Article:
A couple of years ago, I visited some friends of mine who lived out of town. We'd talked about me running a one-shot of something for them and maybe a friend or two of theirs, so before I flew out there I printed up some Monsterhearts playbooks and packed my dice bag. One of my friends worked as a school bus driver, so she had a few hours to kill in between her morning and afternoon runs. Her husband was off that day so he came over and hung out with her, and I ran a game for the two of them and one of their co-workers at the school bus depot. It wound up being shorter than expected because of how the work schedule played out, but it worked out because the co-worker found an ingenious solution to the plot I'd cobbled together and shaved easily an hour or two off the amount of time I'd been planning to run.
Day 28: Thing you'd be most surprised a friend had not seen or read?
To be honest, I'm not sure. I think I'm going to have to fish out an alternate for this one, because the only stuff that would surprise me would be things that my friends had explicitly told me they in fact had seen when they hadn't. So, let's see...
Alternate: What are good ways for the group to support the host on game night?
Well, first off, assuming that 'host' is whomever is providing the game space (as opposed to a generic term for GM)... I mean, this is mostly common sense stuff. Not making messes, making sure your hygiene doesn't have the host Febrezing the chairs after the session, making sure the host knows if you'll be arriving outside the expected time so they can plan preparations (or even just the rest of their day).
If the 'host' is a place of business (like a game store or coffee shop), making sure to toss a few bucks at said business every now and again. If it's a private home or something, maybe every now and again bring food for everyone. Sure, that's something that supports the group in general, but sometimes the simplest way to support the host is to keep the group happy so the host doesn't feel like it's all on them to do the heavy lifting.
Day 29: You can game anywhere on Earth, where would you choose?
Not to sound dismissive, but the best response I can muster to this one is a shrug before I go fishing for alternate questions.
Alternate: How does your group like to start a session?
Well, when people arrive at my house, there's usually a period of just talking about recent pop culture stuff while people eat food they brought with them or has been served (either by Sean or myself). Once upon a time it'd be a discussion of current events, but those have increasingly either become obnoxious arguments on specific points players disagree on or they wind up segueing into a subject that becomes such an argument. And said arguments either lead to sore feelings (if you're part of it) or very uncomfortably having to sit back and watch (if you're not). As a result, I've instituted a "No political discussions" policy in the house for the indeterminate future.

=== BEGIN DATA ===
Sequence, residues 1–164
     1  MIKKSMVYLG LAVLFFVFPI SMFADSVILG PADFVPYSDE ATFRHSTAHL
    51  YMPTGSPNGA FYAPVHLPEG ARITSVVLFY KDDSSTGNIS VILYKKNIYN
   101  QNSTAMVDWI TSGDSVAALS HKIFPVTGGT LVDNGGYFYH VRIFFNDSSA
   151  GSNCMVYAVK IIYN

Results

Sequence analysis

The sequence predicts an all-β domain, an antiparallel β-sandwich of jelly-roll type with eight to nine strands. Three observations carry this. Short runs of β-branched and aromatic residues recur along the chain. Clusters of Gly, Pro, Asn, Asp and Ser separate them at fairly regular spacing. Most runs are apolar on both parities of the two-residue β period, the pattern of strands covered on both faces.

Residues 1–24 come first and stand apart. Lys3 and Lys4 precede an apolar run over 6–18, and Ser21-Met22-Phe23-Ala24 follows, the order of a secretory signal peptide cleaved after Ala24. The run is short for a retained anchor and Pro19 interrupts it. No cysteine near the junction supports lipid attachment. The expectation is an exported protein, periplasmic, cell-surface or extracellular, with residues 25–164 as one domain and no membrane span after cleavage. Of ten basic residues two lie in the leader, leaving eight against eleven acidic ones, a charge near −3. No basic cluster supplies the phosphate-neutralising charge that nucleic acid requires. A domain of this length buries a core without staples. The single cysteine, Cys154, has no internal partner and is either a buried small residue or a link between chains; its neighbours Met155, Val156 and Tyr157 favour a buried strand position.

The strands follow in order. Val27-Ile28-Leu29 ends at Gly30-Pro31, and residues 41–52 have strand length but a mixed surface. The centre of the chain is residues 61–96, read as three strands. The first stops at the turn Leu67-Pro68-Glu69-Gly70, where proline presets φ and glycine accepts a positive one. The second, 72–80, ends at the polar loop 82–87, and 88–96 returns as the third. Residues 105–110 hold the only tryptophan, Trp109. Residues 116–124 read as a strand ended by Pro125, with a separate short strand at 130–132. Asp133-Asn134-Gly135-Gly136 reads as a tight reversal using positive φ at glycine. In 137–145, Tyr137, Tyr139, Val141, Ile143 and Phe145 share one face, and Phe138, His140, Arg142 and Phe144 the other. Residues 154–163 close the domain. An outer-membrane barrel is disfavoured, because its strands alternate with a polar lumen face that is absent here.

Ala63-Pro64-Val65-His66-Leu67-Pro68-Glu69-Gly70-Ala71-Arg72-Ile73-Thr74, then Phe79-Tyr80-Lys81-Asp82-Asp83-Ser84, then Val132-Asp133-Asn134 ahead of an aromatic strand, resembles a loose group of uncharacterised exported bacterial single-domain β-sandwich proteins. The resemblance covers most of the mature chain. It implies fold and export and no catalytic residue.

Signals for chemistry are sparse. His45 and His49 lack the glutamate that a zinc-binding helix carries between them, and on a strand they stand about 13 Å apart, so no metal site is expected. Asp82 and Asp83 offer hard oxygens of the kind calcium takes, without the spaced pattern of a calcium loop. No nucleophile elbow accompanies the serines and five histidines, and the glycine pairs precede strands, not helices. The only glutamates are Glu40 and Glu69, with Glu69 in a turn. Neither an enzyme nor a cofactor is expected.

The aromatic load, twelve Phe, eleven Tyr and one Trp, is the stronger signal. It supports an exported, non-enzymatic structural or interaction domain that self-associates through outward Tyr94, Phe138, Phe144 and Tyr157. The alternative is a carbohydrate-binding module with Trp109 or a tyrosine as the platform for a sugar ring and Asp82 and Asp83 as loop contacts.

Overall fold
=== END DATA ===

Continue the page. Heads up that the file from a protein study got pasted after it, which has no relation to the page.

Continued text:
So after a while I try to get the group started. And then that attempt gets derailed, there's another ten minutes of jabbering on about whatever, and then maybe we get started again without further interruption.
Day 30: Describe the ideal game room if the budget were unlimited.
My tastes are simple. A room with bookshelves lining the walls, leaving space for a GeekChic table with enough room for people to move around it. Nearby bathroom. Nearby kitchen. Maybe some speakers for background music or the like. Access to wi-fi.
To be frank, I have most of that now. Enough bookshelves to hold the books I need for whatever I'm running (and shelves elsewhere in the house to hold books I don't need). Bathroom and kitchen very accessible. Wi-fi, check. The only thing I'm missing are the speakers and the table, and in just a couple of months I should have the latter.
Day 31: Best advice you were ever given for your game of choice?
This isn't really advice for a specific game, because there are a lot of games I like. But the thing that comes to mind (which I was exposed to by Monsterhearts, but originates -- as far as I know -- with Apocalypse World) is that all roleplaying is a conversation, and that the mechanics give guidelines for that conversation. That gaming is about communicating with your players and collaborating on a shared story. It's about talking to your players, getting enthusiastic and sharing that enthusiasm and letting that power things. Or taking feedback about what is and isn't working and use that to shape the conversation. And every now and then, the rules pop in to help you make a decision or send things down a particular path. But in the end, it's still an ongoing conversation with friends about having fun.